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dc.contributor.authorYan, Xiaobeien_US
dc.contributor.authorLou, Xiaoxuanen_US
dc.contributor.authorXu, Guowenen_US
dc.contributor.authorQiu, Hanen_US
dc.contributor.authorGuo, Shangweien_US
dc.contributor.authorChang, Chip Hongen_US
dc.contributor.authorZhang, Tianweien_US
dc.identifier.citationYan, X., Lou, X., Xu, G., Qiu, H., Guo, S., Chang, C. H. & Zhang, T. (2023). Mercury: an automated remote side-channel attack to Nvidia deep learning accelerator. 2023 International Conference on Field-Programmable Technology (ICFPT), 188-197.
dc.description.abstractDNN accelerators have been widely deployed in many scenarios to speed up the inference process and reduce the energy consumption. One big concern about the usage of the accelerators is the confidentiality of the deployed models: model inference execution on the accelerators could leak side-channel information, which enables an adversary to preciously recover the model details. Such model extraction attacks can not only compromise the intellectual property of DNN models, but also facilitate some adversarial attacks. Although previous works have demonstrated a number of side-channel techniques to extract models from DNN accelerators, they are not practical for two reasons. (1) They only target simplified accelerator implementations, which have limited practicality in the real world. (2) They require heavy human analysis and domain knowledge. To overcome these limitations, this paper presents Mercury, the first automated remote side-channel attack against the off-the-shelf Nvidia DNN accelerator. The key insight of Mercury is to model the side-channel extraction process as a sequence-to-sequence problem. The adversary can leverage a time-to-digital converter (TDC) to remotely collect the power trace of the target model's inference. Then he uses a learning model to automatically recover the architecture details of the victim model from the power trace without any prior knowledge. The adversary can further use the attention mechanism to localize the leakage points that contribute most to the attack. Evaluation results indicate that Mercury can keep the error rate of model extraction below 1%.en_US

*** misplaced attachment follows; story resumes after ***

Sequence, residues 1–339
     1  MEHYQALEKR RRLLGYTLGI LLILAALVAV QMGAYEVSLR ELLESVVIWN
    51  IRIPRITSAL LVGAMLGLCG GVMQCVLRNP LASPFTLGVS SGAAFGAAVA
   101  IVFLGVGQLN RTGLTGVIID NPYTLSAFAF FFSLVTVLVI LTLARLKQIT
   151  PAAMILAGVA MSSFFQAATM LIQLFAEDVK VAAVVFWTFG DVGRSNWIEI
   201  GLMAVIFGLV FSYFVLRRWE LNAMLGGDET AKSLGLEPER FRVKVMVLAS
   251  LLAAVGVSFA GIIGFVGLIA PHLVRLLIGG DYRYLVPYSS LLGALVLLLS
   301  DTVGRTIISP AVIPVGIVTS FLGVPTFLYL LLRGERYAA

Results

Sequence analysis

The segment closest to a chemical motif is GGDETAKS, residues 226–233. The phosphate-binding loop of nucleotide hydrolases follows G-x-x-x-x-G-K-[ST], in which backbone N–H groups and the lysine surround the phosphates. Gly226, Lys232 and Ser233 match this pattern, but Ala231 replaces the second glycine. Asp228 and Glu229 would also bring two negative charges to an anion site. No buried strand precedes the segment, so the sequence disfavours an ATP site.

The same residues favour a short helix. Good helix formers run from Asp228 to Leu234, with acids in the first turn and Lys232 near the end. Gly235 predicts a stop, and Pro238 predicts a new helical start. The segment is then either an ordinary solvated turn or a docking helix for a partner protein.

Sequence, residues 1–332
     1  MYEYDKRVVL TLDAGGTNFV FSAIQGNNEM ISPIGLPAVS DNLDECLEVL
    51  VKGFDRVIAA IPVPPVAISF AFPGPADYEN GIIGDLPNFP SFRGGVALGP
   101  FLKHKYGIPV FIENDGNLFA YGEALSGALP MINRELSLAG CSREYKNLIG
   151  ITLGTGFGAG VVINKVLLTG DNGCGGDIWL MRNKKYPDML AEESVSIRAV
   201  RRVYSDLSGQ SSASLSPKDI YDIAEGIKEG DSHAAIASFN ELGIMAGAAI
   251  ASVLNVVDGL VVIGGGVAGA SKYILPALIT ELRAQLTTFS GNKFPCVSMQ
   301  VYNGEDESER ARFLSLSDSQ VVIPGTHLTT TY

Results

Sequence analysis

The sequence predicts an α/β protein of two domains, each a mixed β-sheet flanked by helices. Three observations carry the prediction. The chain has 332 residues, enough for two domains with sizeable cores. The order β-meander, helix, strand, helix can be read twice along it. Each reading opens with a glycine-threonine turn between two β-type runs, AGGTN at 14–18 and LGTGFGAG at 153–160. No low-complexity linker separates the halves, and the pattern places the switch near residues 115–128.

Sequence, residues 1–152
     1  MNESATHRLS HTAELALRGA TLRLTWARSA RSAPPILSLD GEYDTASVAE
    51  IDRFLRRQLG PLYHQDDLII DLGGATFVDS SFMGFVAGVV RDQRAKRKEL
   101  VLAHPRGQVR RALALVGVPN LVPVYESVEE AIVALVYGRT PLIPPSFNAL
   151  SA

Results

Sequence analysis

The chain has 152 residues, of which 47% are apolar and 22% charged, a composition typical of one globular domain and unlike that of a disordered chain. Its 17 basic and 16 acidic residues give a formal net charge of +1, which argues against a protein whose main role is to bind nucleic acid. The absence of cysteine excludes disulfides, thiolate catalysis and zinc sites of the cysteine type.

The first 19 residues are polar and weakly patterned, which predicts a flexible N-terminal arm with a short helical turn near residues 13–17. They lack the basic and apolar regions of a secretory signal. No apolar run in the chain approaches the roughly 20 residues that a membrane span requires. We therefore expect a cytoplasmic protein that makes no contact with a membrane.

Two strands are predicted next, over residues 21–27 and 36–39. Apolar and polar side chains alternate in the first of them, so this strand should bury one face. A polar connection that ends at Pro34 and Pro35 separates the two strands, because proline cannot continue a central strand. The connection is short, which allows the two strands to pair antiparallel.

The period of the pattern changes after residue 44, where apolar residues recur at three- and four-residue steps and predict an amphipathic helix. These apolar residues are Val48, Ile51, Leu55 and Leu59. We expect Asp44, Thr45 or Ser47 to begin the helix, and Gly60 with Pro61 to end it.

dc.description.sponsorshipCyber Security Agencyen_US
dc.description.sponsorshipNational Research Foundation (NRF)en_US
dc.rights© 2023 IEEE. All rights reserved. This article may be downloaded for personal use only. Any other use requires prior permission of the copyright holder. The Version of Record is available online at
dc.subjectComputer and Information Scienceen_US
dc.titleMercury: an automated remote side-channel attack to Nvidia deep learning acceleratoren_US
dc.typeConference Paperen
dc.contributor.schoolSchool of Computer Science and Engineeringen_US
dc.contributor.conference2023 International Conference on Field-Programmable Technology (ICFPT)en_US
dc.description.versionSubmitted/Accepted versionen_US
dc.subject.keywordsProfiled Side-Channel Attacksen_US
dc.subject.keywordsDNN Acceleratoren_US
dc.subject.keywordsSequence-to-Sequence Learningen_US
dc.subject.keywordsModel Extractionen_US
dc.citation.conferencelocationYokohama, Japanen_US
dc.description.acknowledgementThis research is supported by National Research Foundation, Singapore, and Cyber Security Agency of Singapore under its National Cybersecurity Research & Development Programme (Cyber-Hardware Forensic & Assurance Evaluation R&D Programme <NRF2018NCRNCR009-0001>), and MoE Tier 1 RS02/19.en_US
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